The golf: You won't have to go far: Stirling Golf Club lies in full view of the castle, on a slab of the same ancient volcanic lava, known for centuries as the Kings Park. It too offers fine views of the Forth Valley and the mountainous Trossachs.
The course was redesigned by Henry Cotton in 1966, and Young Tom Morris was the first pro (appointed in 1873). But history of golf here goes back much further - the locals just marked 500 years since King James IV walked out of his palace at the castle to have a round with the Earl of Bothwell in the Kings Park. Mary Queen of Scots, who lived in Stirling Castle as a child, was Scotland's first recorded female golfer.
The castle: When the queen comes north, Balmoral Castle in Ballater is her hang. Queen Victoria loved the joint and bought it in 1848; it's been the royals' Scottish home ever since. The estate is set amid 50,00 acres of heather, ancient woodland and the River Dee.
The golf: Ballater, a town of 1,300 on the north bank of the Dee 42 miles west of Aberdeen, has the Ballater Golf Club. Aberdeeshire is home to several memorable courses, including scenic Cruden Bay, Banchory, Duff House Royal and Inchmarlo.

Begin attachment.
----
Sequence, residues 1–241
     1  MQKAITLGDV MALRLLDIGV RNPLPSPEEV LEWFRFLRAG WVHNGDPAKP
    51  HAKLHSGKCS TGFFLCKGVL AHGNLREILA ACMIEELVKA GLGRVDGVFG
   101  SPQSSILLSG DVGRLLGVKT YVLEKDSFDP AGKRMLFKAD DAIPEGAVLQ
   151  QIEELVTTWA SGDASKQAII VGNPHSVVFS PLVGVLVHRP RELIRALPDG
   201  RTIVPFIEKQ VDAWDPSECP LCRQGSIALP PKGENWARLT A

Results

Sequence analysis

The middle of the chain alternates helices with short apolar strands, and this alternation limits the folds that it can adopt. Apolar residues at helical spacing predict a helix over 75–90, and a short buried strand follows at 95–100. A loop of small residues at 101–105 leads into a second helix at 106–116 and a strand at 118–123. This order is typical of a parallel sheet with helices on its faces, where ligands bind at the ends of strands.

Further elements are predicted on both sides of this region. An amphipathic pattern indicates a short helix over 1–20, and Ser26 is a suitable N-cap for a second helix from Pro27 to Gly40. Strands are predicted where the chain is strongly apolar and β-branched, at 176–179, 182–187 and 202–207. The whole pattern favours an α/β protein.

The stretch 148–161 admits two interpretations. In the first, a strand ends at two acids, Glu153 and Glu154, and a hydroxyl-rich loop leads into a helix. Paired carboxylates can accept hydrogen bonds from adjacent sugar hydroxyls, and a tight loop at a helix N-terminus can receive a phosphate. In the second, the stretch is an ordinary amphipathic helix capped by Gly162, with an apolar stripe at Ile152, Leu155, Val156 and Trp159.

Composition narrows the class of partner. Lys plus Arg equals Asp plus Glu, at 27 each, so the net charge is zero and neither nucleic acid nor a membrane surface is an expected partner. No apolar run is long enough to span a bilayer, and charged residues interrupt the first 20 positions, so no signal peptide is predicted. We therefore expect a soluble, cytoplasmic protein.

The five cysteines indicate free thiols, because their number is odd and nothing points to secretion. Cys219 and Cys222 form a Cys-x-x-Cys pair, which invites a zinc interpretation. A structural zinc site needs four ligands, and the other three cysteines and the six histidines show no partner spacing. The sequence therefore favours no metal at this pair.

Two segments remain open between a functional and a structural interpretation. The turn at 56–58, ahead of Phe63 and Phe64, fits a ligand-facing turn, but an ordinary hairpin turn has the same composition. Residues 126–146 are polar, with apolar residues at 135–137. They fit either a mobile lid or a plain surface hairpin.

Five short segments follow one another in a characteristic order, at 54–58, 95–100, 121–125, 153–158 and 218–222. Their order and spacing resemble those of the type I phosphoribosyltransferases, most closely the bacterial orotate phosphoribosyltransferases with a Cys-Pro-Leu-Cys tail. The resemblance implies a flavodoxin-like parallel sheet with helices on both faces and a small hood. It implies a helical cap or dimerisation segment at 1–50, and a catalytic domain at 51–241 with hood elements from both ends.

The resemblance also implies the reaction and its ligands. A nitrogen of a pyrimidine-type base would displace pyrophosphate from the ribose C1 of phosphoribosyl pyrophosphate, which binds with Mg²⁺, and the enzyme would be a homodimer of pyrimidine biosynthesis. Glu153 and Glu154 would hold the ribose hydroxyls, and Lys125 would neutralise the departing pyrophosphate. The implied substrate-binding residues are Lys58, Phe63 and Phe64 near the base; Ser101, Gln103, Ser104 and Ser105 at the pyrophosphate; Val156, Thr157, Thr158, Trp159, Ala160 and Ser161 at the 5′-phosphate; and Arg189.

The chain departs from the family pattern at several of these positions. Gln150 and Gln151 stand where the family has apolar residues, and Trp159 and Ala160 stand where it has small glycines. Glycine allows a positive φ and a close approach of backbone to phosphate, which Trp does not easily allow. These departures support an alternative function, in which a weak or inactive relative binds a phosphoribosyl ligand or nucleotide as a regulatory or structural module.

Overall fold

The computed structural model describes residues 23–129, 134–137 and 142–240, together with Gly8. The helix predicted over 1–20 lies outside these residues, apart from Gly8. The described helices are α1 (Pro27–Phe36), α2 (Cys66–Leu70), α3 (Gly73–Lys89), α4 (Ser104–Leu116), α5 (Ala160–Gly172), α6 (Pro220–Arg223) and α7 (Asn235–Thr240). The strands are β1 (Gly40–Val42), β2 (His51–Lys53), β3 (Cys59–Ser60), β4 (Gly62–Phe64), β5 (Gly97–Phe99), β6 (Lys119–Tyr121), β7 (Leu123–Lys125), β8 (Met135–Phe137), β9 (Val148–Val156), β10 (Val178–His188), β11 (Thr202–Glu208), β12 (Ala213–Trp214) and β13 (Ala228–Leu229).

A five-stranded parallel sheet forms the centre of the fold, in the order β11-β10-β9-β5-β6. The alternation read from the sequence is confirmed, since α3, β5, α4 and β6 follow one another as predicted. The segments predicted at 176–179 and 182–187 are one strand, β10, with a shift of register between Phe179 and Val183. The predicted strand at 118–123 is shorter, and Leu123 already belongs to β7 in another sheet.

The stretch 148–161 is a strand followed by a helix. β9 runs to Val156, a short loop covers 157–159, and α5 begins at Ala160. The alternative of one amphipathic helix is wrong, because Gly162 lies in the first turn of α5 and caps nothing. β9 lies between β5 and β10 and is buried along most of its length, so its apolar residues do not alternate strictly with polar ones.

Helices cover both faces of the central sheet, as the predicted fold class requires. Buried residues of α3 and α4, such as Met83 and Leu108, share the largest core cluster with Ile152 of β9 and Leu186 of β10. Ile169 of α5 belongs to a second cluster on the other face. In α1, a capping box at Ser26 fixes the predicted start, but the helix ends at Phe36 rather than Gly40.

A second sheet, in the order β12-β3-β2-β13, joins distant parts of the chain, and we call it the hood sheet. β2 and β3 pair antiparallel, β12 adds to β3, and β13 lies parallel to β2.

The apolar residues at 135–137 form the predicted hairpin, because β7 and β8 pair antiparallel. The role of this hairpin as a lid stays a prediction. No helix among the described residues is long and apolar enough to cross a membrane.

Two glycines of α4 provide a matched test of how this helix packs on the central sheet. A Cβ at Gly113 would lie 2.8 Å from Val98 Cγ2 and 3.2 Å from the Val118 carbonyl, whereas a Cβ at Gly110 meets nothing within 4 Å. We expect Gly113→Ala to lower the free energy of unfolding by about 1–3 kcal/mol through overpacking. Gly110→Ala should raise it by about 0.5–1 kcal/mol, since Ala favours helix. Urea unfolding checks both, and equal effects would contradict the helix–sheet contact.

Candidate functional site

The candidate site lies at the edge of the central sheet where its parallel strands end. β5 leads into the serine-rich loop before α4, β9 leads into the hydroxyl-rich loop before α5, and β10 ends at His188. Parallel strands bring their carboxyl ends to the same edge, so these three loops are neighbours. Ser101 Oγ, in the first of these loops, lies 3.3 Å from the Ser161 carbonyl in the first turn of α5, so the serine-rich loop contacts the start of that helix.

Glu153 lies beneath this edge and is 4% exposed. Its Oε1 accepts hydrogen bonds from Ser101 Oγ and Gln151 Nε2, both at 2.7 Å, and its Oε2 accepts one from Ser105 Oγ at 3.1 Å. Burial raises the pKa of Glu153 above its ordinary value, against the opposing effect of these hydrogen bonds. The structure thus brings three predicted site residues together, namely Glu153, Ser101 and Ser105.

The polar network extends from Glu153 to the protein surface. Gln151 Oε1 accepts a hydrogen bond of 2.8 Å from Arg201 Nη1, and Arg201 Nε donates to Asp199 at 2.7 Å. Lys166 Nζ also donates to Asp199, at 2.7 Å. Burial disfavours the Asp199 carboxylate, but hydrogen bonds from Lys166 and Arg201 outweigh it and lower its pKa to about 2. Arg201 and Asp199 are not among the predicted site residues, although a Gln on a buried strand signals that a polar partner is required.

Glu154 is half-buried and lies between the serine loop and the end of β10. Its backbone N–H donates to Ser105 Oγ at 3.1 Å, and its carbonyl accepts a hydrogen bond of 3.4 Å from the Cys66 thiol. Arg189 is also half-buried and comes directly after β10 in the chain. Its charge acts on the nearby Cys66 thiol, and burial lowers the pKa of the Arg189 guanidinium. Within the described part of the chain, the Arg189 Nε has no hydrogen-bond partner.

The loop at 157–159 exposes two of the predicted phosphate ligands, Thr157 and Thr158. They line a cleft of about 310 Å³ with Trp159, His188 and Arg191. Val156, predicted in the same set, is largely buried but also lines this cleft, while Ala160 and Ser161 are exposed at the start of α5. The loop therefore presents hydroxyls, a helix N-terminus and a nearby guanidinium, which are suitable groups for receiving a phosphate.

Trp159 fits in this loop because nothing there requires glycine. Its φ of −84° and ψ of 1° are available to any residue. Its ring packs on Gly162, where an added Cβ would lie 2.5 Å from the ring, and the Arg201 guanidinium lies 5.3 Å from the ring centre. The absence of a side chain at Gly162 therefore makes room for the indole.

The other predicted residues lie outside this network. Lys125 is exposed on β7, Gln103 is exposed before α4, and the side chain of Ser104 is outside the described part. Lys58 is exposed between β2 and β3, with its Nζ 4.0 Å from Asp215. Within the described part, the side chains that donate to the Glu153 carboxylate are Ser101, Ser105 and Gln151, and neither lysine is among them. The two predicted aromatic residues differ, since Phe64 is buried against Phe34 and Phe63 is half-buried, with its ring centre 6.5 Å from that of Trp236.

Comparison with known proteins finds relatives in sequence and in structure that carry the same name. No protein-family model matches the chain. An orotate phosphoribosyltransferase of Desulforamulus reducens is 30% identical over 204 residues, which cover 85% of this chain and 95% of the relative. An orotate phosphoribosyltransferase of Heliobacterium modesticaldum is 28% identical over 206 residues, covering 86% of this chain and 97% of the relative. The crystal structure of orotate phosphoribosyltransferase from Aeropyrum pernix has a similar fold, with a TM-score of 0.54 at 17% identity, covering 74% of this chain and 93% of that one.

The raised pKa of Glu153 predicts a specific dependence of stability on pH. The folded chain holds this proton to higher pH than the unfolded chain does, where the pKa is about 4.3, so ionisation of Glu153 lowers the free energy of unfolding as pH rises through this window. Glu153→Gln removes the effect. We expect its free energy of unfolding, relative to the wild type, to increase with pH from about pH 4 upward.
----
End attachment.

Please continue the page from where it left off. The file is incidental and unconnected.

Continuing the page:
The castle: Seat of the Farquharson family since 1632, Braemar sits on the Invercauld Estate, which fans out over 200 square miles in the Cairngorm National Park Area, known as the Royal Deeside. There are grouse shoots, deer hunting and salmon fishing; Scottish pines, heather and all that abound.
The golf: Braemar is also in Aberdeenshire, within range of the courses listed above and many others.
July 10, 2006
Veteran golf writer Tim McDonald keeps one eye on the PGA Tour and another watching golf vacation hotspots and letting travelers in on the best place to vacation.
Dublin is Ireland's largest and most tourist-friendly city, with marquee attractions from the Book of Kells to the Guinness brewery, But Ireland's best known golf courses are almost all on the west coast, in the northwest or in Northern Ireland. Because of this, many golfers on wish-list trips never set foot in the capital. That's a shame, because a trip to Dublin can combine the charms of all things urban and Irish with exceptional -- and inexpensive -- links and parkland golf.